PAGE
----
By Aisling Lally
According to the show’s description, Ali Matthews (the solo performer and creator of The Ballad of Isosceles) “weaves participatory experiences out of text, song and scenographic environment that are designed to play with certain ‘difficult affects including intimacy, distance, desire and alienation”. Delivering a new myth explaining the origins of the forgotten tenth muse Envy, Matthews does just that in a short 30-minute piece.
She performs original songs from a distance, under an eerie, bold blue spotlight (think Ursula in The Little Mermaid, that’s the vibe that was given off), and delivers her monologue up close and personal with two lucky audience members. When I say up close and personal, I mean really up close and personal. We’re talking sniffing a their cheek, unwavering eye contact, and mustering spit a few centimetres from their face levels of up close and personal. It was this immersive quality that was one of the most striking, engaging and unique things about the performance.
Marty Langthorne’s lighting design was simple but effective, and integral to the success of the performance. A particular strength of the lighting design was the use of spotlights: the blue spot used for the songs and the spotlights on audience members for the monologue. The audience was just as on show, just as vulnerable, as the performer.
For me, the memorability of the piece was not so much in the text (although the mythmaking did pose some interesting questions, and contained some poignant images), but in the way the audience was treated and involved.
The Ballad of Isosceles is a prime example of a selfless piece of theatre, constructed with the audience in mind: not focused on an outburst of ‘look at me, the artist, and marvel at how much I’m feeling, look at the emotional journey I’m on!’. Instead, the piece yelled: ‘look at you, the audience, and look at how you’re feeling, look at the emotional journey you’re on!’. I say this because we were made to physically squirm in our seats at times, and listen intently at others. For example, to demonstrate a character’s spit in the story she was narrating, Matthews audibly mustered up spit into a microphone - I felt sick.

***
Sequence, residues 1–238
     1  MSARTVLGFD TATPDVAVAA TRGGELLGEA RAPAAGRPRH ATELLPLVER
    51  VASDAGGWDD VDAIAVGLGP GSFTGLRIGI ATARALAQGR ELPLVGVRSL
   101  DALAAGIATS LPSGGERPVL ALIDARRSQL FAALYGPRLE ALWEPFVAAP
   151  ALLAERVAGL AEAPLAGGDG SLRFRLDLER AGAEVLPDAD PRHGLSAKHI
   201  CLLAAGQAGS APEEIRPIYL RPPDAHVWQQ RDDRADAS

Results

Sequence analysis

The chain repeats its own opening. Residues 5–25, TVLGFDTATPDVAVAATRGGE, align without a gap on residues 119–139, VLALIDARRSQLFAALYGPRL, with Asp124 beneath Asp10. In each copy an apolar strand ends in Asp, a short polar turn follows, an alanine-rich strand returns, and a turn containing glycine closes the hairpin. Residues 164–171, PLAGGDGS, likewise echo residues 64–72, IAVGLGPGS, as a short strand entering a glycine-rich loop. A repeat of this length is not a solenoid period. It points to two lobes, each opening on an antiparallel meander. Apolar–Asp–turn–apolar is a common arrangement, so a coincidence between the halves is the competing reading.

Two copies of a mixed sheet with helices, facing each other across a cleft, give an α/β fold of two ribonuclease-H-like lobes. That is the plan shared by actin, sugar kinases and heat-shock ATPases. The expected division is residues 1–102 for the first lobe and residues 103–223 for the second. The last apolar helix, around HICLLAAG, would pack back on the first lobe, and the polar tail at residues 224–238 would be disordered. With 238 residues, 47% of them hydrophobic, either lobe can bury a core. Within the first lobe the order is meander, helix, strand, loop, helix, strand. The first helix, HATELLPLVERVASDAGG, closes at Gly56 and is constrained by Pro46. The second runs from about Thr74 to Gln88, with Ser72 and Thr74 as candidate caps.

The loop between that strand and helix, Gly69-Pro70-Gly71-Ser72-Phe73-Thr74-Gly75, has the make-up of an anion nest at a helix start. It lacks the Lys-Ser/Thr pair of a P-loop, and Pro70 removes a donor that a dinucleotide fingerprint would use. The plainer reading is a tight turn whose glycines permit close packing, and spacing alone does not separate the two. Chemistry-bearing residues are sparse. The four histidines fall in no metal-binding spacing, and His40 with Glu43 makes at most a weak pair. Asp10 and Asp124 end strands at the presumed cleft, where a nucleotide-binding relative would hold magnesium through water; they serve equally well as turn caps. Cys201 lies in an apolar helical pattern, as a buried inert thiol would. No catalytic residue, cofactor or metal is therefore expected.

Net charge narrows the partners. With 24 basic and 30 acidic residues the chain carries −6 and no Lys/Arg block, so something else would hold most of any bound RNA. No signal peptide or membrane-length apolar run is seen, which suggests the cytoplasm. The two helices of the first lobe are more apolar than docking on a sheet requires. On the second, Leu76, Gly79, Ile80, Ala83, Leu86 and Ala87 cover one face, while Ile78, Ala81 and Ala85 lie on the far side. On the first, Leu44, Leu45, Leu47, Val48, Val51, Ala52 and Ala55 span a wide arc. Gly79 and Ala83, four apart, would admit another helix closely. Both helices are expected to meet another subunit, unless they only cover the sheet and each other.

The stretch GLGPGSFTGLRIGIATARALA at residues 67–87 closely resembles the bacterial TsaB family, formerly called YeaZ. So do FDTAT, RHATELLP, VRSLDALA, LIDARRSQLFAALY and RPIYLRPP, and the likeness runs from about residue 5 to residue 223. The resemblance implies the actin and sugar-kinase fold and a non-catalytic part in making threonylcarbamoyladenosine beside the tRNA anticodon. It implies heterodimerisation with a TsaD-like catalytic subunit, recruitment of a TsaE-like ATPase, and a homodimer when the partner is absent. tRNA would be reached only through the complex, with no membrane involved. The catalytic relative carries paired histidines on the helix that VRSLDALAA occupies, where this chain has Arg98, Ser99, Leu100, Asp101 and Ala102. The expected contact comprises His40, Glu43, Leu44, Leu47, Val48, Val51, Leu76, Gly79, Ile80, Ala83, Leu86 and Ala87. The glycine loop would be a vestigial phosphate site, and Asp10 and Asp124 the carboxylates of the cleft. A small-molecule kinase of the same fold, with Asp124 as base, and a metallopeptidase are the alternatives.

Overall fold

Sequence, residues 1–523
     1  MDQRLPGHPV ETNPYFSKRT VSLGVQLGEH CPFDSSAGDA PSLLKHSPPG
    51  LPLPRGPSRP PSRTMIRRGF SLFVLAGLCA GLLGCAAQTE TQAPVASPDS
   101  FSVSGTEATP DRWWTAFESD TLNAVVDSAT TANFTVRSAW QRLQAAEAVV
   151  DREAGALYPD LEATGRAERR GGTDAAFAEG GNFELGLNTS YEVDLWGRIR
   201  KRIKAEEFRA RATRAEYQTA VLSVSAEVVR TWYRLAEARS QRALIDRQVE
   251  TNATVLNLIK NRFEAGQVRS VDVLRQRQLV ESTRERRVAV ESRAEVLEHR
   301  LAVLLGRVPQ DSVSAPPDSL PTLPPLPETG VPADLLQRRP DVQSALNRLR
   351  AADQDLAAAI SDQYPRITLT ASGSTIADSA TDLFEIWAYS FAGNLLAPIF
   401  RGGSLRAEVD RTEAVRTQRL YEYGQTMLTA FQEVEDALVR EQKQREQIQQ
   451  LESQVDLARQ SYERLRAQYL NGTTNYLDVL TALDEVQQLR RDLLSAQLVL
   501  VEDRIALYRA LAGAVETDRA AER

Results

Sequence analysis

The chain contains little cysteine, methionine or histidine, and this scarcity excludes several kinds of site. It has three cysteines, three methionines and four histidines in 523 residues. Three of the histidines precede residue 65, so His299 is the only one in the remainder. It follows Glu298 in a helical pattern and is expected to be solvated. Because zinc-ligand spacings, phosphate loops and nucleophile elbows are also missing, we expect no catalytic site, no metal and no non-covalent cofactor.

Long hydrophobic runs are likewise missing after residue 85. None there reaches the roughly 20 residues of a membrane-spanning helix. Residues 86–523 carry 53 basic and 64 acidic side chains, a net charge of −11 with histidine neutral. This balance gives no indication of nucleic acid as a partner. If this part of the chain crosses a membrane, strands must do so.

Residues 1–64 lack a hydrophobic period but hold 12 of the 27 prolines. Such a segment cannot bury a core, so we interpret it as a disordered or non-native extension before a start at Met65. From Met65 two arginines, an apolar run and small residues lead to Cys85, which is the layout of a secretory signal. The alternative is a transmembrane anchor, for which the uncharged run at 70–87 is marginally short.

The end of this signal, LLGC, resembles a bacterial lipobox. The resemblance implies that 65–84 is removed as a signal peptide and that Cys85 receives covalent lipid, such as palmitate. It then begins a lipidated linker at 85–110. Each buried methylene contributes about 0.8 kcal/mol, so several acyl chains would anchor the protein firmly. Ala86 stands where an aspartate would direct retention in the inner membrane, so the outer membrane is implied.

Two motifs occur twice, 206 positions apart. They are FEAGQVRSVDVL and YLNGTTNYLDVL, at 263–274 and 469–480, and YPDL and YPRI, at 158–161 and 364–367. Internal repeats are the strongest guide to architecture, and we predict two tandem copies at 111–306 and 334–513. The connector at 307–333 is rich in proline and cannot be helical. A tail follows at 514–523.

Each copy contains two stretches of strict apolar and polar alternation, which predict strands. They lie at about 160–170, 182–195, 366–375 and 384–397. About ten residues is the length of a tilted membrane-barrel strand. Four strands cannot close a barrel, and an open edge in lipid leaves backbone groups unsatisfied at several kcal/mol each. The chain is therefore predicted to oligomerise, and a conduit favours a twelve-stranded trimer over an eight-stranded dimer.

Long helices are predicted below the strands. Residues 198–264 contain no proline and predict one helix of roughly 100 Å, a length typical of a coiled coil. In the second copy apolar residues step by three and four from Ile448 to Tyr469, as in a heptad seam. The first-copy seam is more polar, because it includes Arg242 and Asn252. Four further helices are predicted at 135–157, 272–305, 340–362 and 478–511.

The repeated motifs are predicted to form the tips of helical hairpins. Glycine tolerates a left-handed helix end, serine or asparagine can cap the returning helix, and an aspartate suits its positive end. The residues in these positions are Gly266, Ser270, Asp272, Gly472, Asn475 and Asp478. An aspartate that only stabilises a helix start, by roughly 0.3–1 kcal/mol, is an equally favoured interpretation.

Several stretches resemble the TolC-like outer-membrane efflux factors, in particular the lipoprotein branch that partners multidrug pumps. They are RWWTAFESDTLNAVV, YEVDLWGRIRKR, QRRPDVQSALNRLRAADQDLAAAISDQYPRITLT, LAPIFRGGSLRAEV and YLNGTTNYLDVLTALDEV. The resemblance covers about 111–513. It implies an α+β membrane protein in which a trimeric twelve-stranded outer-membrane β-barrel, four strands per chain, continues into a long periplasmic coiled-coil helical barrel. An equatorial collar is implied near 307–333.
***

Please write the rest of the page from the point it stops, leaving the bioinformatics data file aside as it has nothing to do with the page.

Ultimately, Matthews spits in the face of today’s cultural norm of passive audiences in theatre. By this, I mean the ‘sit back and enjoy the show with a bag of popcorn’. (You could hear a pin drop in today’s intimate performance, so much so that I was too scared to keep my gum in my mouth for fear of making noise, and I swallowed it.) This seemed particularly apt for the current debate surrounding whether audience members should be allowed to eat and drink during performances- are we moving away from expecting a separate and somewhat inactive audience?
Yet at other times, Matthews soothes her audience with soulful melodies. It seemed fitting that she wore a blue dress, blue eyeliner, under a blue spotlight when singing, not only to add to the eeriness of the piece, but also to complement the bluesy quality of her singing. Matthews’ vocal ability should certainly be pointed out; she is an excellent singer. Her range, fluctuating dynamics, and jazzy, rich vibrato are genuinely mesmerizing. For the audience, it almost felt like you were watching two different shows: flicking between a vintage jazz concert when Matthews sang at the back of the space, to an intimidating and immersive monologue when she spoke out front.
Overall, though I think the piece could benefit from some more light-hearted moments in the midst of its unnerving haze, it was nonetheless impressive and refreshing in its originality, immersive qualities and its lack of ego.
The Ballad of Isosceles was performed at the John Cooper Studio, York, on Saturday, February 23, 2019 12:00pm-5:00pm as part of SLAP Festival 2019: York’s pay-what-you-can contemporary performance festival.